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A 46-year-old member asked:

why after sporting activities do i have a pain in my heels and can hardly walk?

3 doctor answers10 doctors weighed in
Dr. Karl Mangold
Orthopedic Foot and Ankle Surgery 14 years experience
Inflammation: The most common conditions are achilles tendonitis (back of the heels) and plantar fasciitis (bottom of the heels.) both are strain/overuse injuries that cause pain and are usually self-limited but occasionally chronic. If the pain lasts more than a few days, see someone about it. A more serious condition, like a stress fracture of the calcaneus, should be ruled out.
Dr. David Laha
Podiatry 38 years experience
Plantar fasciitis?: Could have plantar fasciitis if your pain is to the inside bottom of the heel or achilles tendonitis if the pain is to the back of the heel. These are common overuse injuries. Treatment consists of decreasing inflammation and decreasing the stress on the foot. Stop your weight bearing fitness activity, ice stretch, good shoes and support, antiinflammatories and see your foot doctor to discuss.Dr l.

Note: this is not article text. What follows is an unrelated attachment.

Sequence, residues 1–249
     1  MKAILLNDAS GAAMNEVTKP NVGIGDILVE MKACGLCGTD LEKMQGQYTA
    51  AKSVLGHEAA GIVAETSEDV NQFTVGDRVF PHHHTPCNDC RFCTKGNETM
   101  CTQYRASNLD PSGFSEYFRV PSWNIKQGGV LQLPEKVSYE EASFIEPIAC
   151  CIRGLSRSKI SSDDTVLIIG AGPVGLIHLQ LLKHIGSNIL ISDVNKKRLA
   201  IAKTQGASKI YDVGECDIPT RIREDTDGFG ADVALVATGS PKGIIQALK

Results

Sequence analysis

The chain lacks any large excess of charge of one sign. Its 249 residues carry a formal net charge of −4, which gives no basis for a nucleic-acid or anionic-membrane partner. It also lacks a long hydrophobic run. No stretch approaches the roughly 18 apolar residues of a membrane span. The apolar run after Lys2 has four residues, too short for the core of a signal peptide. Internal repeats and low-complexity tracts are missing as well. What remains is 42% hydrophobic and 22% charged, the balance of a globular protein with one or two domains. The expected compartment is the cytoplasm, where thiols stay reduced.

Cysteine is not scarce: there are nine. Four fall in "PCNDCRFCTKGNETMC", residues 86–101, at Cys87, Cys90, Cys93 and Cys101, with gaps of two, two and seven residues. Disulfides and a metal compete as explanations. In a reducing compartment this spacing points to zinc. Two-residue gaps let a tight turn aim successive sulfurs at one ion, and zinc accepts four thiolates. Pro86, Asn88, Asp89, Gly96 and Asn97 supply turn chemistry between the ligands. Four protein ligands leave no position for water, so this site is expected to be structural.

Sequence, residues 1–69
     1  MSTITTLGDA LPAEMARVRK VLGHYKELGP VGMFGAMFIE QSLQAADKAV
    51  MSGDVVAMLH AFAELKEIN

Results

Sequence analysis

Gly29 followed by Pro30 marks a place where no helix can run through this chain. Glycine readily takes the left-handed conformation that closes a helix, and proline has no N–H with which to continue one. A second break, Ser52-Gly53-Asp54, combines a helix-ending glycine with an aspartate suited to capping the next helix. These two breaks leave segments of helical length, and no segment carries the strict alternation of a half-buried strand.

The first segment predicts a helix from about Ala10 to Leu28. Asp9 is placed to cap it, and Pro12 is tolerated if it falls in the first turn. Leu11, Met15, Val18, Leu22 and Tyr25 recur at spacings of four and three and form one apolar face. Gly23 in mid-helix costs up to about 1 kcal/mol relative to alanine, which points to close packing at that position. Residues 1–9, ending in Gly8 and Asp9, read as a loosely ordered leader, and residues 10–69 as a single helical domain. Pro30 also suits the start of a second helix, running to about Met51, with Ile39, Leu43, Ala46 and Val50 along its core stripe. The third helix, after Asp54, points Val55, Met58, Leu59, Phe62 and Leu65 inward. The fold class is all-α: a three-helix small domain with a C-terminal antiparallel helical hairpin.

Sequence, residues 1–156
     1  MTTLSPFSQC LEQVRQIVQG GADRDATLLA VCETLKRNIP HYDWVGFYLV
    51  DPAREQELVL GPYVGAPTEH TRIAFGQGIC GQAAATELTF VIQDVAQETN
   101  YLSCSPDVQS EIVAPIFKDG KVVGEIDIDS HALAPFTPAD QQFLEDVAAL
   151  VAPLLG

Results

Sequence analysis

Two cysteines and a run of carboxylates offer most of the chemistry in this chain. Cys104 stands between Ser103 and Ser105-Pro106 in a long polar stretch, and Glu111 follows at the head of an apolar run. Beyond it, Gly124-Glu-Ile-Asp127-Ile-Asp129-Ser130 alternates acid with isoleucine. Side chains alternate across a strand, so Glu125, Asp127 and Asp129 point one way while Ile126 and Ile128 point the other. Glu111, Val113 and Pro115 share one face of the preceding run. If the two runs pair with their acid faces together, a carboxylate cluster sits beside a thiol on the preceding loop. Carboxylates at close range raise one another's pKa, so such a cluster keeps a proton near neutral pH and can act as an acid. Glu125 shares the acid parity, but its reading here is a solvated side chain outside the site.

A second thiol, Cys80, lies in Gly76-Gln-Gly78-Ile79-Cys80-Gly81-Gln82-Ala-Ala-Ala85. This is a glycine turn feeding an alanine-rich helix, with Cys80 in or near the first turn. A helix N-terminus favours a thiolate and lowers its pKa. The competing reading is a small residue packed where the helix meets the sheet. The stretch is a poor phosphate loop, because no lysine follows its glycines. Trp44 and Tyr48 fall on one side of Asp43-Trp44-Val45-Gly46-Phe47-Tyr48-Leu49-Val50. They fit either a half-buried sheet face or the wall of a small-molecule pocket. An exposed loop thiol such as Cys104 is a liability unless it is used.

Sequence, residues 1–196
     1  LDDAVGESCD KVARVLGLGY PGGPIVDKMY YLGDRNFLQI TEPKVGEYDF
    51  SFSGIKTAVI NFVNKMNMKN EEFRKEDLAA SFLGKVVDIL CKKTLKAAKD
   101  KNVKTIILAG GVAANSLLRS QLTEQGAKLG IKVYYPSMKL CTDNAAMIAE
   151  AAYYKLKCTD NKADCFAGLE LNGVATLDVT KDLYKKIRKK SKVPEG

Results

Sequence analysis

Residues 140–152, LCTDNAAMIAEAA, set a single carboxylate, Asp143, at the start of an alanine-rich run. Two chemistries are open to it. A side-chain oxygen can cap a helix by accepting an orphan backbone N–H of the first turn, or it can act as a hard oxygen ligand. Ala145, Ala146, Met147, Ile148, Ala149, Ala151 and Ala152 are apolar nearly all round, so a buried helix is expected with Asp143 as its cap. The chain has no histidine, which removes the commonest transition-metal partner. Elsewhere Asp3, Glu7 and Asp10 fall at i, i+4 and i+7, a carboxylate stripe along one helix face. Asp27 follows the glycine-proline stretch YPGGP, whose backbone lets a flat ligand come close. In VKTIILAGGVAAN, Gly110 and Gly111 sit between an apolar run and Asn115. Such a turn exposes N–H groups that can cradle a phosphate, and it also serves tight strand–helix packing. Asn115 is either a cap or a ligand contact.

Dr. Joseph Newman
Podiatry 32 years experience
Plantar fasciitis?: Plantar fasciitis is a common reason for heel pain, particularly if it is in the bottom of the heel and/or arch. Pain in the back of the heel can be caused by achilles tendinitis/bursitis. Make sure you do warm-up and cool-down stretches, and your shoes are in good shape and fit you in size and foot type. If it persists, see a podiatrist.

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What are some ways to prevent heel pain besides padding?

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A 27-year-old member asked:

I got epidydmo orchitis and took antibiotics for almost one month. But pain still there. Blood tests and ultrsound and urinetest are good.?

1 doctor answer2 doctors weighed in
Dr. Carla Enriquez
Pediatrics 50 years experience
Still healing?: If the epididymitis was cleared by the antibiotic, the symptoms should have remitted by now. Possibly there is residual cord inflammation leading to persistent pain. You didn't mention if the physical exam was normal or not. Please see your doctor for an actual examination again, or consult a urologist to see what's going on.

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Last updated Sep 28, 2016
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